As you may recall, the wind is caused by differential solar heating across the surface of the earth (as well as the shape of the earth), which causes large- and small-scale high and low-pressure systems to form. Air moves from areas of higher pressure to areas of lower pressure, which is what causes wind to occur. (If you are interested, this National Geographic site explains some of the finer points of this process, including a lot of pictures.)
Wind, then, is just air that is moving. Simply put, this air has kinetic energy because wind has mass and is moving. (Anything in motion with mass has kinetic energy.) Because of the First Law of Thermodynamics, the energy in the wind must come from somewhere else. This "somewhere else," is solar energy. This energy (and power) can be quantified. See later in this lesson for an explanation of how to calculate this.
Wind Resources in the U.S.
Average wind speeds vary widely by geographical location. Take a few minutes to inspect the wind speed charts from the National Renewable Energy Laboratory below. Note the location of the greatest and smallest wind speeds, and think about the physical characteristics of those areas (e.g., flat, mountainous, on-shore, off-shore, etc.). Click here for a larger version of the 40 m wind speed image and click here for the 80 m image. Note that the average wind speed is higher at 80 m at the same location. Wind speed generally increases with height due to the decreasing influence of friction from the earth's surface and things on it. Modern turbines are generally tall enough to take advantage of 80 m wind speeds.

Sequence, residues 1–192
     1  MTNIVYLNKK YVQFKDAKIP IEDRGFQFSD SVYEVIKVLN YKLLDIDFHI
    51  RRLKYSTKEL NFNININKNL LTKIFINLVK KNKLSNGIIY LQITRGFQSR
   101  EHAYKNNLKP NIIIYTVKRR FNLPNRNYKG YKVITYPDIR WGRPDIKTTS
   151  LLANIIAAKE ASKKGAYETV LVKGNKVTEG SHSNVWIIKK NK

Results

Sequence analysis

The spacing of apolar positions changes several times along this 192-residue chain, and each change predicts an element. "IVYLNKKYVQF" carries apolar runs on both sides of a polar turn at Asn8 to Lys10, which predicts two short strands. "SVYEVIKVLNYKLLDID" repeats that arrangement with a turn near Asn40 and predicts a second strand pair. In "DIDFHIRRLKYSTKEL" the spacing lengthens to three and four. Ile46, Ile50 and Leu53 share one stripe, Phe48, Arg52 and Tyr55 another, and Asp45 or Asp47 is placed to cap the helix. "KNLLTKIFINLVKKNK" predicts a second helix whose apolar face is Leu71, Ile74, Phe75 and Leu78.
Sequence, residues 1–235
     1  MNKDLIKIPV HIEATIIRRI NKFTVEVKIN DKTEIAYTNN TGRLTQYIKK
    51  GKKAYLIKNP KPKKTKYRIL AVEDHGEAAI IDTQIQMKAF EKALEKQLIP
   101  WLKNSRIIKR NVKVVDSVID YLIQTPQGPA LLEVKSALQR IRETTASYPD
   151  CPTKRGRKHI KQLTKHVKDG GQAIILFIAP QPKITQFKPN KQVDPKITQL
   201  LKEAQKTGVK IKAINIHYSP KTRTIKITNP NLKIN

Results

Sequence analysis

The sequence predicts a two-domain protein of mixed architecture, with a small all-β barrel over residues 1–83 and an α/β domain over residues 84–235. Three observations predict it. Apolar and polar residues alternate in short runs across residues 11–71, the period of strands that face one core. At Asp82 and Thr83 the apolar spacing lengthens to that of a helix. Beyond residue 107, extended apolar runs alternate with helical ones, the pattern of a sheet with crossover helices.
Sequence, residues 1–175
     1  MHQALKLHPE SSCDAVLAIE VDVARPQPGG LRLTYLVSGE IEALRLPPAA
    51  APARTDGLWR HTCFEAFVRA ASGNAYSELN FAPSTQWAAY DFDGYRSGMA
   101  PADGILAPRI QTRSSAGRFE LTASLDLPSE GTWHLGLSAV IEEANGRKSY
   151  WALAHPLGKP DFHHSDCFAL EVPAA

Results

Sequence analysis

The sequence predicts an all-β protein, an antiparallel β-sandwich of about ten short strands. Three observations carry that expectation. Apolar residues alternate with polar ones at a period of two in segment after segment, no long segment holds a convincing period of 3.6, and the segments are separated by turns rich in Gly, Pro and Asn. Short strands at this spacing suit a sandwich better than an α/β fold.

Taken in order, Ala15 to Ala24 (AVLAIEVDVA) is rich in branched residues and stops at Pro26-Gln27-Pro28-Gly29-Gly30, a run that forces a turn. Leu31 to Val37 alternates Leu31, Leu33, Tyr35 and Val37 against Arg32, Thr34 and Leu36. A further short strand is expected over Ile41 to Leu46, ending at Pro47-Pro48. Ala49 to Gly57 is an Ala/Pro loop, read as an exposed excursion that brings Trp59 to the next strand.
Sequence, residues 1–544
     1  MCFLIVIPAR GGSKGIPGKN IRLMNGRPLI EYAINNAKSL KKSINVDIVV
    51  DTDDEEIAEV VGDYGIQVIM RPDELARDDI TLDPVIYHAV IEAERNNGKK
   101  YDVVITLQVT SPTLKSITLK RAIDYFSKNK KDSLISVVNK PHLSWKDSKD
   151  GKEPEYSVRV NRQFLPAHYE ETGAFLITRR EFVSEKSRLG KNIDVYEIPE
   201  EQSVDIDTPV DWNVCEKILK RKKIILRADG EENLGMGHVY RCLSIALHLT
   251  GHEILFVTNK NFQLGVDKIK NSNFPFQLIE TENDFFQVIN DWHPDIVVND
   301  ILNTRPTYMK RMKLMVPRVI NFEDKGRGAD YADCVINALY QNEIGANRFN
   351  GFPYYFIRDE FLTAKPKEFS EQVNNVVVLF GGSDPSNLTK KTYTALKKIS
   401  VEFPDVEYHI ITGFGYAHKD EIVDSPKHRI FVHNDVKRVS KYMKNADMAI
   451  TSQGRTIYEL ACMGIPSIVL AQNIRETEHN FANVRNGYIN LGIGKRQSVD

In addition to variability being a barrier to wind deployment, the location of wind resources is as well. In general - and certainly, in the U.S. - the best onshore wind resources are not located near major population centers. Approximately 50% of the U.S. population lives within 50 miles of the coast, but as you can see in the maps below, this is generally not where the greatest onshore wind is located. This is a problem because transporting electricity over power lines results in energy loss (as heat) due to electrical resistance in wires. The longer the electricity has to travel, the more energy is lost. To minimize this loss, large (and very expensive) power lines must be built. As you can imagine, this type of infrastructure is lacking in areas of the country that do not have large populations.
However, it is clear from the second map that significant offshore wind resources are available very near the coast. Unfortunately, offshore wind is still expensive (remember from a previous lesson that the LCOE is the highest of those listed). That, combined with resistance from local inhabitants had kept the offshore wind at bay until 2016 when the first offshore wind farm (albeit a very small one) in the U.S. was opened in Rhode Island. There are over two dozen in the planning stages as we speak. This is likely an area of growth in the near future.